1. A process for the production of a free-flowing powders selected from the group comprising titanium dioxide pigments iron oxide pigments, basic carbonate white lead, basic sulfate white lead, basic silicate white lead, zinc sulfide, zinc oxide, composite pigments of zinc sulfide and barium sulfate, antimony oxide and the like, white extender pigments such as calcium carbonate, calcium sulfate, china and kaolin clays, mica, diatomaceous earth and colored pigments such as iron oxide, lead oxide, cadmium sulfide, cadmium selenide, lead chromate, zinc chromate, nickel titanate, chromium oxide, alumina, magnesia, zirconia, kaolin clays, and polytetrafluorethylene powders and the mixtures thereof which adhere intimately together to form substantially spherical pseudo-particles ranging in size from 0.2 mm up to 5.0 mm in diameter where by the pigment is blended in a specially designed mixing vessel with the presence of an electrostatic charge and a air flow and reduces the dustiness of the powders at by a minimum of 50 percent.
2. The process according to claim 1 wherein intimate blending and mixing is carried out at a temperature falling within the range from 12 deg C. to 100 deg. C.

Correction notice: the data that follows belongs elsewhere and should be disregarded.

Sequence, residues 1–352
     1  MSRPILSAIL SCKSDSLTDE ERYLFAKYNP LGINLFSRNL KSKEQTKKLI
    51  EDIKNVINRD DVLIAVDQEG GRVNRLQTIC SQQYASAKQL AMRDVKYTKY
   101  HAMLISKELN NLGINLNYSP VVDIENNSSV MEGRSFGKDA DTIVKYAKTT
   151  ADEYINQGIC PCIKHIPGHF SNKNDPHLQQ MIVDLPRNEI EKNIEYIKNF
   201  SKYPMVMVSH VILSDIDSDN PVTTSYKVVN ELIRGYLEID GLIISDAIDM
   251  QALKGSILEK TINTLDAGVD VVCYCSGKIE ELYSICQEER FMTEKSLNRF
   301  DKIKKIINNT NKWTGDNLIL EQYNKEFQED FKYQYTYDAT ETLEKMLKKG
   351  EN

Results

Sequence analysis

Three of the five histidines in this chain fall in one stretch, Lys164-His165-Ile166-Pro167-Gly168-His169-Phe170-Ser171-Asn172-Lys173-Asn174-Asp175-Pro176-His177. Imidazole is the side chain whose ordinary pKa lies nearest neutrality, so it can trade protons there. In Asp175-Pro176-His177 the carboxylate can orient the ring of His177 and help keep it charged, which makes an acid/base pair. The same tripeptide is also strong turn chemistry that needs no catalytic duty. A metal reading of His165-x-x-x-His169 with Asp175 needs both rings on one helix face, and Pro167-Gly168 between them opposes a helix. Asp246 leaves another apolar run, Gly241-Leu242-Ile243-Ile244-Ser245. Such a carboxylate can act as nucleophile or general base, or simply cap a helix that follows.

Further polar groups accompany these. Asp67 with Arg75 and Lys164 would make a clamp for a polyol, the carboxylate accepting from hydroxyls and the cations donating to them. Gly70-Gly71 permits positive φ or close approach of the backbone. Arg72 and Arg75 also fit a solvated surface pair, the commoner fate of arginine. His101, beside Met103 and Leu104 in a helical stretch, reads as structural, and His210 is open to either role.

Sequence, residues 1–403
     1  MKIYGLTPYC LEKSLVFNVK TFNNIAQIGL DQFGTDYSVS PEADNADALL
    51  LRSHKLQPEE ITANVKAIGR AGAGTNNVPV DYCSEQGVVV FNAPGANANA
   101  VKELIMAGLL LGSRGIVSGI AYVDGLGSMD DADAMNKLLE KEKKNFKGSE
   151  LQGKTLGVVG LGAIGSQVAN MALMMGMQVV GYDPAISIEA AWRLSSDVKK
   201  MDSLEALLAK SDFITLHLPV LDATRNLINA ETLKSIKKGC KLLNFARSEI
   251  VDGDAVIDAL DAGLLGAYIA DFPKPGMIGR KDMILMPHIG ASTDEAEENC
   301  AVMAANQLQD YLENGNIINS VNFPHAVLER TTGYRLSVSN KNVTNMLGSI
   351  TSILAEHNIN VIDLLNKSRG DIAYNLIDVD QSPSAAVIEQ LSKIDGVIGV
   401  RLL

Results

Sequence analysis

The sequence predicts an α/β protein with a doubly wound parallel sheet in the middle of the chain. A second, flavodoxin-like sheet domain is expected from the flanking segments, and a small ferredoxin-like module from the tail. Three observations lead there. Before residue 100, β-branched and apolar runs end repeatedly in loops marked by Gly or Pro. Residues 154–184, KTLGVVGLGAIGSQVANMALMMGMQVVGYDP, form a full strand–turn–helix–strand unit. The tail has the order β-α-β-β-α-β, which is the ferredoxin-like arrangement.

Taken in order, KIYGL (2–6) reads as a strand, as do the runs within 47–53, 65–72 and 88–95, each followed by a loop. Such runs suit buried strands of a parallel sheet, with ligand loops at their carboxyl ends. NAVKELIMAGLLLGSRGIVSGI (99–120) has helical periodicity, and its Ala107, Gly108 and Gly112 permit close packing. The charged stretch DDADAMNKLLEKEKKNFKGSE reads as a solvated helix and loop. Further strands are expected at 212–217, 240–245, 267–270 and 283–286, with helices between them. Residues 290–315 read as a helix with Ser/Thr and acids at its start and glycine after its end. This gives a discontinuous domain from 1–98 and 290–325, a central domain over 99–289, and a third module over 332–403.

3. The process of claim 1 wherein nucleation and layering is carried out for a time of from about 0.25 minutes to about 15 minutes.
4. The Process according to claim 1, which includes the step of post treating of said pigments, and powders and mixtures thereof.
5. The Process according to claim 1, wherein the post treating step comprises application of alcohols, esters, silicone compounds, glycols, polyols, or polyethers, in a quantity of 0.01 to 3 wt. %, relative to pigment pellets.
6. A low-dusting, free-flowing, titanium dioxide pigments, iron oxide pigments, chromium oxide pigments, mixed metal oxide pigments, kaolin clays, and polytetrafluorethylene powders produced by the process of claim 1.
7. The spherical agglomerates produced by the process of claim 1 wherein pigment is titanium dioxide pigment.
8. The spherical agglomerates produced by the process of claim 1 wherein pigments and powders are comprised of material selected from the group comprising iron oxide pigments, chromium oxide pigments, mixed metal oxide pigments, metal oxide pigments, kaolin clays, and polytetrafluorethylene powders and mixtures thereof.